Black Hills

Black Hills Estate WineryBlack Hills Estate Winery‘s acclaimed Nota Bene red blend put them on the map in our home many years ago. But on our recent trip to their striking tasting room in scenic Oliver, B.C., we were wowed by all of their wines. Further, the top-notch hospitality in their vineyard tasting lounge, the Wine Experience Centre, is incredible. We visited a decade ago, but this time, our host Jess Lilienskold elevated the tasting. In addition, Black Hills relatively new winemaker, Master of Wine Ross Wise, is crafting some exceptional wines. Read on for details.

Black Hills Story

Black Hills VineyardAlmost half of the province’s vines are grown in Oliver, where you’ll find more than 40 wineries. The combination of hot days and cool nights in the area produces fruit with the perfect balance of flavors and crisp acidity.

Black Hills is one of the most well-known wineries in the area, thanks to its flagship wine, Nota Bene. The winery is located on the famed Black Sage Bench, north of Osoyoos and south of Oliver. It’s in the middle of Canada’s only official desert, and is one of the hottest, driest and sunniest sites in the country.

Black Hills grows four clones of Cabernet Sauvignon, two clones of Cabernet Franc and four clones of Merlot. Master of Wine Ross Wise and his team crushes, ferments and barrel ages each clone separately, to maintain their unique flavor profiles.

Ross joined the winery three years ago, bringing fresh ideas to making the wines at Black Hills. For example, some critics say the 2020 Nota Bene is the most delicious made since it debuted with the 1999 vintage.

Black Hills is committed to sustainable, environmentally friendly farming and winemaking practices. The B.C. Environmental Farm plan awarded the estate winery Environmental Farm Plan Status.

Black Hills Master of Wine Ross Wise

Black Hills building signHead winemaker Ross Wise joined Black Hills in 2019. The following year, he received the prestigious Master of Wine designation. He is the third in B.C. to achieve this status. Moreover, of 415 MW worldwide, only 10 are in Canada. According to media reports, when he was asked how his life changed since the honor, he humorously replied, “I’m answering the phone a bit more than I was two weeks ago.”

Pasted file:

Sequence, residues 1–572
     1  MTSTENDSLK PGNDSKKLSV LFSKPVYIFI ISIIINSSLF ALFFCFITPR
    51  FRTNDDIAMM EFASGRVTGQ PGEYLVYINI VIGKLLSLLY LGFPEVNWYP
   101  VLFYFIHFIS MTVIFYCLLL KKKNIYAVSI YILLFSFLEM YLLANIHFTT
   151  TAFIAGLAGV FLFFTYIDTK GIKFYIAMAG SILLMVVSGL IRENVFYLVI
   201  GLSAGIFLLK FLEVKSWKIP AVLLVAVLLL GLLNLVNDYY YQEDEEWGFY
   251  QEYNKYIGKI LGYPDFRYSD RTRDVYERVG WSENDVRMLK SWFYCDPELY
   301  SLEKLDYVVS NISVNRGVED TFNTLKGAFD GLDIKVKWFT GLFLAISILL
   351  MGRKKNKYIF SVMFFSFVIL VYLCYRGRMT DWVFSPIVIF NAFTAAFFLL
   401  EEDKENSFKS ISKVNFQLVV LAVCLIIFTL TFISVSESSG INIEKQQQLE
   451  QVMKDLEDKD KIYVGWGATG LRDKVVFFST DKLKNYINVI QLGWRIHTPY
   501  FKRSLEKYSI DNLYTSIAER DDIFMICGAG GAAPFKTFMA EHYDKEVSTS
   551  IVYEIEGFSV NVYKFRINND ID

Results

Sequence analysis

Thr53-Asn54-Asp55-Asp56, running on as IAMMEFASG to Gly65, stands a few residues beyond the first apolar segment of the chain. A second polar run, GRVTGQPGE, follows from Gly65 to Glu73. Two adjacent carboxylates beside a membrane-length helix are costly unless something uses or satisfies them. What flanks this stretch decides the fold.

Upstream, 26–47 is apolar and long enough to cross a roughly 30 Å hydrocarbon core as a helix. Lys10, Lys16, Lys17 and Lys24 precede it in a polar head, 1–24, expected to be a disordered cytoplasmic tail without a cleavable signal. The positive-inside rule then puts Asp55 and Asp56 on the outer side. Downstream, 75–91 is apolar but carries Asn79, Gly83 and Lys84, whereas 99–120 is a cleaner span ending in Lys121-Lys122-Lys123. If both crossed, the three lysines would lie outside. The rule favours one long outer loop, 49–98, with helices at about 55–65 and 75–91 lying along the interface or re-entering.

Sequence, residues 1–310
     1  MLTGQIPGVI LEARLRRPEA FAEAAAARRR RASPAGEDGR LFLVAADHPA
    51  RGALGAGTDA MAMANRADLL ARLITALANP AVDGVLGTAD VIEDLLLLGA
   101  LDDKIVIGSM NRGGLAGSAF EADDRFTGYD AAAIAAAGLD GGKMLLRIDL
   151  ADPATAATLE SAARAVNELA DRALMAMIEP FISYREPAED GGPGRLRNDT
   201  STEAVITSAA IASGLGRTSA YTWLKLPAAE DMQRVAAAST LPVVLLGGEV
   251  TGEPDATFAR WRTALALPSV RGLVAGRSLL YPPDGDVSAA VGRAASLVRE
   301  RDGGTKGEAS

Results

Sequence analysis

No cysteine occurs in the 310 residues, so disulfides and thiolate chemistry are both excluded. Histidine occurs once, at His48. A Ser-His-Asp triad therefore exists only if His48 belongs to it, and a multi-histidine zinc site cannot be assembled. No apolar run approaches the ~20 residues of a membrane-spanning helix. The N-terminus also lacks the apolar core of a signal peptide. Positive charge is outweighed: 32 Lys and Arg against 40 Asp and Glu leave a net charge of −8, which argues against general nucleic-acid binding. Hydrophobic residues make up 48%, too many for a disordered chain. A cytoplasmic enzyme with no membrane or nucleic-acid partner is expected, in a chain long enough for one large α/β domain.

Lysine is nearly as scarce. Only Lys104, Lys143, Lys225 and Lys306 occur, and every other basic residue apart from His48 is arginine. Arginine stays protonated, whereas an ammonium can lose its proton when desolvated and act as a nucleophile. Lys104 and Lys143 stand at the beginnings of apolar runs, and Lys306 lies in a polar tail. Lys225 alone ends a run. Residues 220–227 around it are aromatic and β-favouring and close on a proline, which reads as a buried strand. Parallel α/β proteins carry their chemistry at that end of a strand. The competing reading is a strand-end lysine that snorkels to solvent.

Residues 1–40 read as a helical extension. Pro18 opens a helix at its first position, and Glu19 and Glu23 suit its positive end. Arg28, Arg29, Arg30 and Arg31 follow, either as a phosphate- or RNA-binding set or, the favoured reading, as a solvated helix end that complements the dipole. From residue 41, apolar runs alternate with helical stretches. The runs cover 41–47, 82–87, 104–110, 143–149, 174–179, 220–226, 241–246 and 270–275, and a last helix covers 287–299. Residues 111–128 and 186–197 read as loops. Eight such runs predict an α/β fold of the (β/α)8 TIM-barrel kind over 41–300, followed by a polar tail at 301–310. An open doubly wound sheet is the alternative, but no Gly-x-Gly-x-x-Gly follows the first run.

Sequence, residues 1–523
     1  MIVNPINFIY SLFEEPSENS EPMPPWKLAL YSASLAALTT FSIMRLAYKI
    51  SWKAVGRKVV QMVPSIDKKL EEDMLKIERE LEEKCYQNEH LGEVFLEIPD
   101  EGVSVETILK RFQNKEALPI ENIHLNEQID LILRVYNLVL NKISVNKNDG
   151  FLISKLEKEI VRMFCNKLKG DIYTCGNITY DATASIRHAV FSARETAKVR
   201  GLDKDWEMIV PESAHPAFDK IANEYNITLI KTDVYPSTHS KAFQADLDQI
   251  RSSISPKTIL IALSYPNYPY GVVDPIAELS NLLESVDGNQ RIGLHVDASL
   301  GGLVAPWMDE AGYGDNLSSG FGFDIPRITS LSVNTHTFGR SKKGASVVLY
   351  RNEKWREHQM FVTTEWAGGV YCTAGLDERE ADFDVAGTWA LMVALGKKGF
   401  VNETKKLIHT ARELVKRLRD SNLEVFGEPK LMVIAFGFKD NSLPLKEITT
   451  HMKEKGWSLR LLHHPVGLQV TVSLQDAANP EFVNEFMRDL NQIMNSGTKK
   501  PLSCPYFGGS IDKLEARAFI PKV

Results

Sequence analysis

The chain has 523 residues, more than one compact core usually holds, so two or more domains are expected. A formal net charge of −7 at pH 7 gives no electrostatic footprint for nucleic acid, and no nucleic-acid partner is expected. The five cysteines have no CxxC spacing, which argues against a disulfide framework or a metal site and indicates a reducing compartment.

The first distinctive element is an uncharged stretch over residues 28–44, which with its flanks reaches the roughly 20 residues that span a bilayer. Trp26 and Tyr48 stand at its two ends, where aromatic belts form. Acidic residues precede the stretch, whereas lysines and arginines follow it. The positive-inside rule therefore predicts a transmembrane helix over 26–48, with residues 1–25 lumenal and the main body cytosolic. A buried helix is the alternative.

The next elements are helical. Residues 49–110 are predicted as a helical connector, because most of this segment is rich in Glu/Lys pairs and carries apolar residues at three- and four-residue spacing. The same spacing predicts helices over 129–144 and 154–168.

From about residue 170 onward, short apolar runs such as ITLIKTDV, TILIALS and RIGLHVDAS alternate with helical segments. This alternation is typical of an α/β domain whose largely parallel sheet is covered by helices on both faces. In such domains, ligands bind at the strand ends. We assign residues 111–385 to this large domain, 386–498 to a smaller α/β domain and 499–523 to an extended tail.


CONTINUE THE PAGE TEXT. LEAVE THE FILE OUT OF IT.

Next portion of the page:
Originally from New Zealand, Wise worked with prominent producers there and in Ontario for 16 years before the cool-climate wine industry in B.C. beckoned.

First, Wise became head winemaker and general manager at Phantom Creek Estate. Next, he joined Black Hills, where he applies his combination of science, creativity and expertise to the already-renowned portfolio of Black Hills wines.

He is considered to be fiercely talented, and after tasting his current lineup, we agree.

Black Hills Wine

Black Hills all wineThe heat on the vineyards fully ripens the grapes, followed by cool nights that allow acid retention. As a result, the climate provides ideal growing conditions for intensely flavorful Bordeaux and Rhone varieties grown there. Our friendly, knowledgeable host, Jess poured us seven impressive wines, which showcase the terroir.

Credit for all the wine photos in this article goes to our friend Chuck Kinzer, a professional photographer.

Black Hills Alibi 2021 ($28 CAD)

Black Hills AlibiOne of Black Hills favorites, Alibi blends 85% Sauvignon Blanc with 15% Sémillon, and the result is our idea of a perfect summer sipper. This refreshing, yet silky, white wine opens with incredible citrus and pineapple aromas, and a palate of more citrus, tropical fruit and green apples. You can drink this on its own or with charcuterie. And not just during warm weather, either. It will also pair well with turkey on Thanksgiving, or with salmon (with herbs and citrus) all year round. Alibi was the first white wine ever produced at Black Hills, with the initial vintage dating back to 2003. We brought a bottle home.

Black Hills Chardonnay 2020 ($35 CAD)

Black Hills ChardonnayThis is our kind of Chardonnay. The 2020 is 100% Chard, bold, with citrus on the nose and the palate, and a subtle salinity, framed by crisp acidity. A rich, textured mouthfeel emphasizes flavors of more lemons, pears, pastry and spices.This is a wine I want to drink in our hot tub, anytime of year. Or serve it with shellfish, chicken or pasta with a creamy sauce. I wish we had some here during crab season in August.